This type of aggression should not be encouraged and is a safety concern. It’s essential to seek professional help and training to keep your dog from biting anyone trying to get close to you. 

Health Issues

If your dog is resting at your feet and doesn’t appear to be comfortable, it may be trying to let you know that it’s feeling unwell. This scenario requires investigation, and you’ll need to determine if your dog needs something simple or more involved, like medical attention. Here are some signs your dog might be sick:

  • Excessive Panting
  • Shivering or trembling
  • Whining 
  • Raspy breathing 

If you determine your dog is ill, lying at your feet isn’t necessarily a bad thing, but you’d want to be proactive in getting your dog help. A good plan is to call your vet during business hours or call a pet drop-in clinic for advice and guidance. A 24-hour emergency vet is also an option if you have a concern when your vet isn’t available. 

Anxiety Issues

If your dog is uncomfortable being alone and constantly underfoot and sleeping at your feet, these behaviors may signify separation anxiety. Most likely, your dog is seeking reassurance by laying as close to you as possible.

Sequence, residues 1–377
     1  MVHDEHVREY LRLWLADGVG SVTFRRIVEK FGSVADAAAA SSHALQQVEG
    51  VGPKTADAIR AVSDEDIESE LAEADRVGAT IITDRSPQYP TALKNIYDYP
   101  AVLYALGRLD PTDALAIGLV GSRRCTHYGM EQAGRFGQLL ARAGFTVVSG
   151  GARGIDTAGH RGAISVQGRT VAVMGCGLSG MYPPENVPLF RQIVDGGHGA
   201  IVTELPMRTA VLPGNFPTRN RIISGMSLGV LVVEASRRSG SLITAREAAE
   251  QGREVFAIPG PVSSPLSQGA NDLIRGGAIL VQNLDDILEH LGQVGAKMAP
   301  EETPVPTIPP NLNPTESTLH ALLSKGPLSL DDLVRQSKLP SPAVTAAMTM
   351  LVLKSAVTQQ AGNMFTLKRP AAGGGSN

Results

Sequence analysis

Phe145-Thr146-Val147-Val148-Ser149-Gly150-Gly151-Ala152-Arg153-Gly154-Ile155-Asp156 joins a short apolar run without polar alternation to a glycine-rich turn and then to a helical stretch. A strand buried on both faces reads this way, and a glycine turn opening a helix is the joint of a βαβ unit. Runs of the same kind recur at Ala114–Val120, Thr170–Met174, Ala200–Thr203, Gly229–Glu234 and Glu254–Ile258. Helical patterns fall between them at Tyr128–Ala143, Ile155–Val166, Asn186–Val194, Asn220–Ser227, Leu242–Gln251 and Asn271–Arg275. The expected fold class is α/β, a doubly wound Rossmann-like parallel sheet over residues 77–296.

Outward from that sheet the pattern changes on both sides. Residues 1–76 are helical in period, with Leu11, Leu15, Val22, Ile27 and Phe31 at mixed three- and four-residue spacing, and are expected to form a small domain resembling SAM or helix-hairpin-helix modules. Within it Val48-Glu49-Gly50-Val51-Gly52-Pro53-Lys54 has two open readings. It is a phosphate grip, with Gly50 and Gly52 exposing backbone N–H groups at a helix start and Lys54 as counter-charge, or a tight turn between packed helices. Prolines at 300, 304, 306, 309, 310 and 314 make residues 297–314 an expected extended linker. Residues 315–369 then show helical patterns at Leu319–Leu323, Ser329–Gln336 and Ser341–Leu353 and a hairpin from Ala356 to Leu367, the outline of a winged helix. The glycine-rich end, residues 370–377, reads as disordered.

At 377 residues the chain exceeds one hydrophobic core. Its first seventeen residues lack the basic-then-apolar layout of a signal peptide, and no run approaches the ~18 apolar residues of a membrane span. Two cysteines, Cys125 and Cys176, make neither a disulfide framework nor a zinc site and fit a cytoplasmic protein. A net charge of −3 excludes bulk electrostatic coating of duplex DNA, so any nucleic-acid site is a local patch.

Separation anxiety can lead to ongoing long-term issues where your dog cannot be home alone or is destructive when you are away. Curbing this behavior might be a strategy you can employ to train your dog to have self-confidence without relying so much on constant contact.

Remember that although your dog doesn’t bark or whine when you are around, that doesn’t mean they are barking or whining when you are away. separation anxiety happens when you leave them on their own and you of course won’t be there to recognize this condition. Speak to a neighbor if you have suspicions your dog has separation anxiety. Another good idea is to purchase a camera that connects to your smartphone. this way you can see and hear everything your dog does.


Dogs are very aware of their surroundings, even if it doesn’t appear like that. Your dog watches everything you do and anticipates everything you are going to do. This is where begging comes in. Most of the time if your dog tries his luck at some of your food, then they will often just sit and stare at you, somehow trying to convince you to hand over the grub.

Staring of course doesn’t work…well not always and that leads to what looks like giving up. Don’t be fooled, your dog is probably very much aware that staring is not going to get them what they want and they will wait patiently by your feet until you give in. Of course, this behavior is not necessarily something that should be discouraged. After all your dog is not begging for food as such they are just staying close by in case they get lucky.